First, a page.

The instances of the proposed framework are evaluated against state-of-the-art trackers on public sequences that become the de facto standards of benchmarking the trackers. The trackers are compared with popular metrics such as success plot and precision plot to establish a fair benchmark. In addition, the performance of the proposed trackers is investigated for videos with a distinguished tracking challenge, and the results are compared with state of the art and discussed. Additionally, the effect of the information exchanged will be examined thoroughly to illustrate the dynamics of the system. The preliminary results of the proposed framework demonstrate a superior performance for the proposed trackers when applied on all the sequences and most of the subsets of the test dataset with distinguished challenges. Finally, the future research direction is discussed, and the opened research avenues are introduced to the field.

As Figure 7 and Table 2 demonstrate, T6 has the best overall performance among investigated trackers on this dataset. While this algorithm has a clear edge in handling many challenges, its performance is comparable with T5 in the case of occlusions and z-rotations. It is also evident that T6 is troubled with fast deformations since neither of the ensemble members is specialized in handling a specific type of deformations and the collective decision of the ensemble may involve mistakes with high confidence. On the other hand, T5 utilizes a dual-memory scheme, and a single classifier can handle extreme temporal deformations better than the ensemble in T6. Interestingly, it is observed that in most of the subcategories that T6 is clearly better than the other trackers, the success plot of T6 starts with a plateau and later has a sharp drop around τov=0.8. This means that T6 provides high-quality localization (i.e., bigger overlaps with the ground truth). Similarly, from precision plot, it is evident that T6 shows a graceful degradation in different scenarios, and although it does not provide a good scale adaptation for targets, it is able to localize them better than the competing trackers (Figure 8).


Table 2.

Quantitative evaluation of state of the art under different visual tracking challenges using AUC of success plot (%).

The first, second, and third best methods are shown in color. The challenges are illumination variation (IV), scale variation (SV), occlusions (OCC), deformations (DEF), motion blur (MB), fast motion (FM), in-plane rotation (IPR), out-of-play rotation (OPR), out-of-view problem (OV), background clutter (BC), and low resolution (LR)

Figure 8.

Qualitative results of T6 in red against other trackers (T0–T5 in blue and TLD, STRK, CSK, MIL, and BSBT in gray) on challenging video scenarios of OTB-100 [65]. The sequences are (from top to bottom, left to right) FaceOcc2 and Walking2 with severe occlusion, Deer and Skating1 with abrupt motions, Firl and Ironman with drastic rotations, Singer1 and CarDark and Shaking with poor lighting, Jumping and Basketball with nonrigid deformations, and Shaking,Soccer with drastic lighting, pose, and noise level changes and Board with intensive background clutter. The ground truth is illustrated with yellow dashed box. The results are available in


7. Conclusions and future works

This chapter provides a step-by-step tutorial for creating an accurate and high-performance tracking-by-detection algorithm out of ordinary detectors, by eliciting an effective collaboration among them. The use of active learning in junction with co-learning enables the creation of a battery of tracker that strives to minimize the uncertainty of one classifier by the help of another. The progressive design leads to use a committee of classifiers that use online bagging to keep up with the latest target appearance changes while improving the accuracy and generalization of the base tracker (a feature-based KNN). Inspired by the query-by-bagging algorithm, this algorithm selects the most informative samples to learn from the long-term memory auxiliary detector, which realizes a gradually decreasing dependence on this slow and likely overfit detector yet robust against fluctuations in target appearance and occlusions. Furthermore, using an expectation of the bounding boxes compensates for overreliance of the tracker on the classifiers’ confidence function. The balance in stability-plasticity equilibrium is achieved by the combination of several short-term classifiers with a long-term classifier and managing their interaction with an active learning mechanism.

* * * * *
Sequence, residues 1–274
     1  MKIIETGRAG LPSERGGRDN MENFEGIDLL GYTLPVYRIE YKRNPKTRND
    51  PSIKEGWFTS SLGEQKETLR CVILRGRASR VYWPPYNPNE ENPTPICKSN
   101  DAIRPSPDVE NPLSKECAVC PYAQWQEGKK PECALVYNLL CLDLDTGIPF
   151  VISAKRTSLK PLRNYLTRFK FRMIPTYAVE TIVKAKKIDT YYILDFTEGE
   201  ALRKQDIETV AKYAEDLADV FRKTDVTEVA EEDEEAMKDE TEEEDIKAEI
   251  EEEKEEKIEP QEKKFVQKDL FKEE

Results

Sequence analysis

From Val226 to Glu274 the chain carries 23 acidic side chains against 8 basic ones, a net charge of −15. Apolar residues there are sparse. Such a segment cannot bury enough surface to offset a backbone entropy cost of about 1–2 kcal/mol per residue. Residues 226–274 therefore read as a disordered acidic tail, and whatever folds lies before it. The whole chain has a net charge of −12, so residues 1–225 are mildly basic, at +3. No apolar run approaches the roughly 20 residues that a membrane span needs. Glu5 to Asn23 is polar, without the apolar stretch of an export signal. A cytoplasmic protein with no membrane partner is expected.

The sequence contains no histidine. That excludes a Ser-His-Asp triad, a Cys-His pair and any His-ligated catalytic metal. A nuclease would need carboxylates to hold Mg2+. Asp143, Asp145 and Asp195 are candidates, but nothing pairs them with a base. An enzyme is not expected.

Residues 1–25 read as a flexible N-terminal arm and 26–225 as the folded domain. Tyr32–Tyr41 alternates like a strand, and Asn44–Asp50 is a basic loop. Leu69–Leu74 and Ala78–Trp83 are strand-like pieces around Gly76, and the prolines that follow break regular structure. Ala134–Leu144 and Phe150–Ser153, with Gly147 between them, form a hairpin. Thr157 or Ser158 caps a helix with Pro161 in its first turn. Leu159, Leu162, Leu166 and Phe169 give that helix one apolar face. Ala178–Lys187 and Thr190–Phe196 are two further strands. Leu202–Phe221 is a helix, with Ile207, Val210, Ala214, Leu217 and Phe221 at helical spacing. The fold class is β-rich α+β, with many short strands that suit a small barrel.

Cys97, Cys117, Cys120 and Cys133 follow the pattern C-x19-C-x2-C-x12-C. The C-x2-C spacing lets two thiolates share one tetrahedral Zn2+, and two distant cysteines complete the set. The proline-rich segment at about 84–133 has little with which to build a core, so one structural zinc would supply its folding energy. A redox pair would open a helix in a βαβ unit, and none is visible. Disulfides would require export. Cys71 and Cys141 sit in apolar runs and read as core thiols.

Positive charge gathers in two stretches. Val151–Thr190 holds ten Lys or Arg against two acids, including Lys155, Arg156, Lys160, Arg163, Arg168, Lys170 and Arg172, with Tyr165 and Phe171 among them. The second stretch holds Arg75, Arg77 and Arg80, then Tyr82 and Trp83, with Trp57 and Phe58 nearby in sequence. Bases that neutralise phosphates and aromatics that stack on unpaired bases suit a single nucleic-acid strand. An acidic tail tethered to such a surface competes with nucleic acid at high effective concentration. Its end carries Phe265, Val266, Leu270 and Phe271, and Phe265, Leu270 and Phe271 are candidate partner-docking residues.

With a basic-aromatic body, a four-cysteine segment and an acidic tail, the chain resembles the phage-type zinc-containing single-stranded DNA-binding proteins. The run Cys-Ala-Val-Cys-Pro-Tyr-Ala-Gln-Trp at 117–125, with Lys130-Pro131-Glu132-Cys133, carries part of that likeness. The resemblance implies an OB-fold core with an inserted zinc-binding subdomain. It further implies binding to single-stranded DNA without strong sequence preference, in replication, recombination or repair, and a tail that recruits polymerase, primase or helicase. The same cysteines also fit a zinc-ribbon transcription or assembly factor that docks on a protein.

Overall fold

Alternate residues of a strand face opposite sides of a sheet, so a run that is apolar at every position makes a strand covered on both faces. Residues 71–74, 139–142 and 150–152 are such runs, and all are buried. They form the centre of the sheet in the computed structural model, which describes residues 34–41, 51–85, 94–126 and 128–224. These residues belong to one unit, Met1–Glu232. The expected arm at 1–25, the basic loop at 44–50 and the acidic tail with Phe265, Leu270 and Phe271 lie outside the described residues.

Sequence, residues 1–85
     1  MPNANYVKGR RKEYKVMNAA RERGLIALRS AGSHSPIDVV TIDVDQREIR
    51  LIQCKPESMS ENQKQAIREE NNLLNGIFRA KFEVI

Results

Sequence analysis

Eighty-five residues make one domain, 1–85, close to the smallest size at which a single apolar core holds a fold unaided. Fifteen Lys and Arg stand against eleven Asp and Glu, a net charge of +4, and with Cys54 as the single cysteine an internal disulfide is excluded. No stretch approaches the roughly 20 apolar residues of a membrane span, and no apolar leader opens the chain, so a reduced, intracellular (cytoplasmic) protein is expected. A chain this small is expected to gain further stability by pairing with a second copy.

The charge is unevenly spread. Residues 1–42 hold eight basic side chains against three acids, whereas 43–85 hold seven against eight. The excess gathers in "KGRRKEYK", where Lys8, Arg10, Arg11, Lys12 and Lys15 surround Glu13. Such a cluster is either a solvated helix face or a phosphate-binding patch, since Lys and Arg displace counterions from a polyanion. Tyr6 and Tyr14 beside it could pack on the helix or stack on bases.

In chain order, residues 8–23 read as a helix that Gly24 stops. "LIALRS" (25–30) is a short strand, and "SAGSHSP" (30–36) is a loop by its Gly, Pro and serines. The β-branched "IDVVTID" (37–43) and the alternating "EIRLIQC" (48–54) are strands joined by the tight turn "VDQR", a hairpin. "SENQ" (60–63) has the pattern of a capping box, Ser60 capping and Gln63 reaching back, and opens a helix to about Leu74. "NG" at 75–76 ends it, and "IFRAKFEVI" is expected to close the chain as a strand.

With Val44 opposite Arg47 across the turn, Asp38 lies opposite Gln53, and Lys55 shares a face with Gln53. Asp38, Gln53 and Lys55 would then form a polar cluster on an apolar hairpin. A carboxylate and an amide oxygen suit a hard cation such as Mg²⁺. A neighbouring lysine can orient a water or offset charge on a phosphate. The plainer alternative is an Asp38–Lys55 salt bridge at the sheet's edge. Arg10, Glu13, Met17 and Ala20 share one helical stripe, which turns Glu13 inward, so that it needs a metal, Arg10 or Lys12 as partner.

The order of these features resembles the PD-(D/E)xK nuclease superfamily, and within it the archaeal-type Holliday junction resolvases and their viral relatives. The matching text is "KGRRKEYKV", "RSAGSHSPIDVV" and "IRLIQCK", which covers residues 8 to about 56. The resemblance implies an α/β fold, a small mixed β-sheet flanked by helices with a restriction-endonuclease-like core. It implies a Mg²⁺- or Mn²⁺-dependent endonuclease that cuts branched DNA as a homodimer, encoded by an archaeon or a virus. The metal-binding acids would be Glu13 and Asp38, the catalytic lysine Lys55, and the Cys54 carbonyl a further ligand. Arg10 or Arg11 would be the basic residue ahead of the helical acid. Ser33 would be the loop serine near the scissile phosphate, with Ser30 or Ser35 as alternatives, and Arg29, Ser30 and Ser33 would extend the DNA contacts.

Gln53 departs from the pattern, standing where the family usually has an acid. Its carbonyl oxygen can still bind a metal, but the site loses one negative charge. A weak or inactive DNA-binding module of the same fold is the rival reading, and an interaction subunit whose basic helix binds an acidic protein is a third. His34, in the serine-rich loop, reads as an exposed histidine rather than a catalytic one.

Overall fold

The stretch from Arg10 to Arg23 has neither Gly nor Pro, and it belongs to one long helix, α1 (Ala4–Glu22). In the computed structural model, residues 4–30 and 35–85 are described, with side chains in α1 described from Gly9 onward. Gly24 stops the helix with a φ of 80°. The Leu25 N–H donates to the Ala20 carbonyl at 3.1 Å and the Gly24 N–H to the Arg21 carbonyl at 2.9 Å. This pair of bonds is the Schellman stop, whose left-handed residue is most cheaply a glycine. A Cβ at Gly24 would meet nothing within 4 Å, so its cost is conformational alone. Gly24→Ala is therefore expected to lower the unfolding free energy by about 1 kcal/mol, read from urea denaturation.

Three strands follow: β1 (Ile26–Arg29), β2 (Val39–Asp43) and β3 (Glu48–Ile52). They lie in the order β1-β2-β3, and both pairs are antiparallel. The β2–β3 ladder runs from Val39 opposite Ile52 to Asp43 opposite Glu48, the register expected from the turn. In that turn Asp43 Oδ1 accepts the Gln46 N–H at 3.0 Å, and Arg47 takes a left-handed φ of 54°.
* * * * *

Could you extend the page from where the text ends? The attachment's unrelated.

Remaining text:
The trail of proposed trackers led to T6, which incorporates ensemble tracking, active learning, and co-learning in a discriminative tracking framework and outperform state-of-the-art discriminative and generative trackers on a large video dataset with various types of challenges such as appearance changes and occlusions.

The future direction of this study involves other detectors to care for context, to have accurate physical models for known categories, to use deep features to improve discrimination, and to examine different methods of building the ensemble and detecting most informative samples or exchanging.



This article is based on results obtained from a project commissioned by the Japan NEDO and was supported by Post-K application development for exploratory challenges from the Japan MEXT.


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  • Images with tiny, imperceptible perturbations that fool a classifier into predicting the wrong labels with high confidence

Written By

Kourosh Meshgi and Shigeyuki Oba

Submitted: 17 March 2017 Reviewed: 19 January 2018 Published: 06 April 2018